Nearly a Quarter of Japanese have Considered Suicide

Source: Japan Times, March 21

Roughly one in four Japanese people have considered committing suicide, with women slightly more prone to such thoughts than men, the health ministry said Tuesday.

In a survey released by the ministry, 23.6 percent of respondents had considered suicide, up 0.2 percentage points from the previous survey conducted in 2012. The ratio stood at 25.6 percent for women and 21.4 percent for men. By age, people in their 50s were more prone to suicidal thoughts than those in other age brackets, at 30.1 percent, followed by those in their 30s (28.7 percent), 40s (24.3 percent), 20s (23.0 percent), 60s (20.2 percent), and people aged 70 or older (19.1 percent).

Asked how they were able to overcome their suicidal thoughts in a multiple-answer question, 36.7 percent said they shifted their focuses to hobbies or work, while 32.1 percent said they confided in family members, friends or co-workers.

The survey also asked about knowledge of public suicide prevention measures and services. About 6.9 percent of respondents said they were aware of the nationwide suicide prevention phone service, while 5 percent said they knew about week-long and month-long national campaigns for suicide prevention.

Since awareness levels of public measures and services for suicide prevention remains low, the Cabinet plans to bolster steps with a plan to approve the outline of new measures this summer. “We would like to further promote notification of consultation services and development of mental health measures at workplaces,” an official of the Health, Labor and Welfare Ministry said.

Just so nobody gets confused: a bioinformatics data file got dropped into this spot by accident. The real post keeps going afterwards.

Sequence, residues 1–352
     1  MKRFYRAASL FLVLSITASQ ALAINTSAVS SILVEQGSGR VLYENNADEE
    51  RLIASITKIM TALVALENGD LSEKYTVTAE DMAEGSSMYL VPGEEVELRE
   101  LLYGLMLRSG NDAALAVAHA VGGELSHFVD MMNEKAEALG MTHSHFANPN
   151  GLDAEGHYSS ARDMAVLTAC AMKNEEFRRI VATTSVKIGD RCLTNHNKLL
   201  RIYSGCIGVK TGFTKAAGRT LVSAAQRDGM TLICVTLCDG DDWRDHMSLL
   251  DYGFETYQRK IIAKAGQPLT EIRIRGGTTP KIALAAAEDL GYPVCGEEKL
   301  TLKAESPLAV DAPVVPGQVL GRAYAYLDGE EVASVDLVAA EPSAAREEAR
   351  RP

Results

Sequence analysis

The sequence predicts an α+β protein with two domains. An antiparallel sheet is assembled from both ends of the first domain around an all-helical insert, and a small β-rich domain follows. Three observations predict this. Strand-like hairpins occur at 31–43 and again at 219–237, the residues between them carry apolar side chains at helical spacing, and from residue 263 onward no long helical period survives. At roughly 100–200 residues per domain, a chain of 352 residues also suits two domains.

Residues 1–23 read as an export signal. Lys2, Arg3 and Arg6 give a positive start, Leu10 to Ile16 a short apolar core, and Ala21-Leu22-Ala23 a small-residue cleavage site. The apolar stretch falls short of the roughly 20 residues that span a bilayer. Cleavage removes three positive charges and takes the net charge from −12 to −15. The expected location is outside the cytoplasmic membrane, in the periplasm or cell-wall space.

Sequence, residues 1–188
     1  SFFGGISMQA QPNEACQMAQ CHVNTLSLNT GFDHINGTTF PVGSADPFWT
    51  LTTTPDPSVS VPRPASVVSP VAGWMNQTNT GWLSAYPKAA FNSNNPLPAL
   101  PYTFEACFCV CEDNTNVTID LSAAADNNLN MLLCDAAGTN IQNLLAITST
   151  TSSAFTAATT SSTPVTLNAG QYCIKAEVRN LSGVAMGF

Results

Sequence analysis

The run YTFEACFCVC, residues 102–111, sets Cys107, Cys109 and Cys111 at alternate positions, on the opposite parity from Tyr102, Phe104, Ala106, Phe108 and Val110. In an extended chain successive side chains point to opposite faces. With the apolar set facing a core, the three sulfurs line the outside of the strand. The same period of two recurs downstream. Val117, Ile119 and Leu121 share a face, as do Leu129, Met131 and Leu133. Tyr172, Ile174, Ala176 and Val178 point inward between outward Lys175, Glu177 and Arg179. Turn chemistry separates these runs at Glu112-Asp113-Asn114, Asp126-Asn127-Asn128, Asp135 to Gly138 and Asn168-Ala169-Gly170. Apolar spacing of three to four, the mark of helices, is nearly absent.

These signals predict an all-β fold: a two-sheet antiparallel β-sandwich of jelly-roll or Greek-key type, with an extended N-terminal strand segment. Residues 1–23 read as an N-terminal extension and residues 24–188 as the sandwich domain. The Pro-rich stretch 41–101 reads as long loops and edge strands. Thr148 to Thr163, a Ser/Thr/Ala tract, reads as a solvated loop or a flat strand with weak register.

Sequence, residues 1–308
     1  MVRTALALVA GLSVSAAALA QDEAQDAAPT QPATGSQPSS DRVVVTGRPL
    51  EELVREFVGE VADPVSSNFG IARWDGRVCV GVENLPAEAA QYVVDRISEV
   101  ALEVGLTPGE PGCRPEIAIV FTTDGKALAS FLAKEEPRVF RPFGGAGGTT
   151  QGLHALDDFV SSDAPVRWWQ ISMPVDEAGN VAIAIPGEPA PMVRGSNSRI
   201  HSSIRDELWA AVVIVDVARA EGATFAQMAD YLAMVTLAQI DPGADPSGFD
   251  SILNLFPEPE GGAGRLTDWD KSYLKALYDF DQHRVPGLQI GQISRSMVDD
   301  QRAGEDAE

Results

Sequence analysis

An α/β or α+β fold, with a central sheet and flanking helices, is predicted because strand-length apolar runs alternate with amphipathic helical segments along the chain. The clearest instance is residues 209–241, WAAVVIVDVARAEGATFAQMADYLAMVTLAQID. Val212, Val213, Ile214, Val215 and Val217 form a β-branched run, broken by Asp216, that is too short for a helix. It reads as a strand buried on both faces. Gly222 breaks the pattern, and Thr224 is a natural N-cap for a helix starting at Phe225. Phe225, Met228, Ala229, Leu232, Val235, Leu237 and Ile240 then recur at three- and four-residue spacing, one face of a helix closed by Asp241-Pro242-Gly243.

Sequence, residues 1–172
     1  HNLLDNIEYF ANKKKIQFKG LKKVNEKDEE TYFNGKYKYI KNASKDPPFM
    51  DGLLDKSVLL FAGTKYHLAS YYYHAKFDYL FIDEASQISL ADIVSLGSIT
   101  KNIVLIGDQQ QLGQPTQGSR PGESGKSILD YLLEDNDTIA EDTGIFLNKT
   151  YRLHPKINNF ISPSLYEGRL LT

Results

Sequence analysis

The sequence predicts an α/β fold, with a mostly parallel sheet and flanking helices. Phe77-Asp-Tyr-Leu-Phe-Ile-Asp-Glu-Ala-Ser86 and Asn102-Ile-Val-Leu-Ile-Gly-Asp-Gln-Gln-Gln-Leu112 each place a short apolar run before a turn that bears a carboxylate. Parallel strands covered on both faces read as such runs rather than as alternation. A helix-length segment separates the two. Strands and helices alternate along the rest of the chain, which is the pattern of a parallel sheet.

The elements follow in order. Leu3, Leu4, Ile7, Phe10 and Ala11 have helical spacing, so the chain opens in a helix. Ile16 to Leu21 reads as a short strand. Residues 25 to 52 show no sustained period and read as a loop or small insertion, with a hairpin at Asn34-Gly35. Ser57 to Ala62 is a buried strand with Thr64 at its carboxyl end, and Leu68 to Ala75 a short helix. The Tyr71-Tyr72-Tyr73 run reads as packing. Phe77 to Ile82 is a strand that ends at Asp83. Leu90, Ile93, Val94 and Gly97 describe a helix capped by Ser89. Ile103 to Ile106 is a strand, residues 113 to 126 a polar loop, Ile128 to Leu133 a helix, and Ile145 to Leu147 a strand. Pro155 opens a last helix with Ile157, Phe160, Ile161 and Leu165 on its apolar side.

The survey was conducted last October on 3,000 people aged 20 or older, with 2,019 valid responses. According to separate data from the National Police Agency, the number of suicides totaled 21,764 in 2016, falling for the seventh consecutive year.

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4 responses to “Nearly a Quarter of Japanese have Considered Suicide

  1. It’s easy to see how a society of “saving face”, indirect communication (for instance, saying “no” directly is a no-no) and reserved emotion could contribute to this, as someone who grew up in the culture albeit one generation and an ocean away.

  2. In the latest World Happiness Report, Japan holds the fiftieth spot.
    Norway comes first, Denmark second.
    Canada is seventh and Israel eleventh.
    USA fourteenth.
    Why are Norwegians so happy, and the Japanese so unhappy?
    Why aren’t Americans happier?
    Is it that in countries where financial security, accessible health care, freedom to express oneself safely and shared values abound, people enjoy life more and have a sense that life is absolutely worth living?
    Or is it something else completely different?

    By the way, from 1999 to 2010, the actual suicide rate among Americans ages 35 to 64 increased nearly 30 percent. The largest increases were among men in their fifties, with rates rising nearly 50 percent, to 30 per 100,000. For women aged 60 to 64, rates rose 60 percent, to 7.0 per 100,000. (Wikipedia)

  3. World Health Organization ranks the top three suicidal countries as Guyana, South Korea and Sri Lanka (I knew Sri Lanka was high) at 44.2, 28.9 and 28.8 per 100,000. Japan comes in at 18,9 while cheery Canada is 9.8. Syria and Saudi Arabia tie at 0.4. I fail to see a connecting thread considering culture, happiness or the quality of the statistics.

  4. Elisabeth Ecker

    There is a difference between considering suicide and actually committing suicide. You really can’t compare it.

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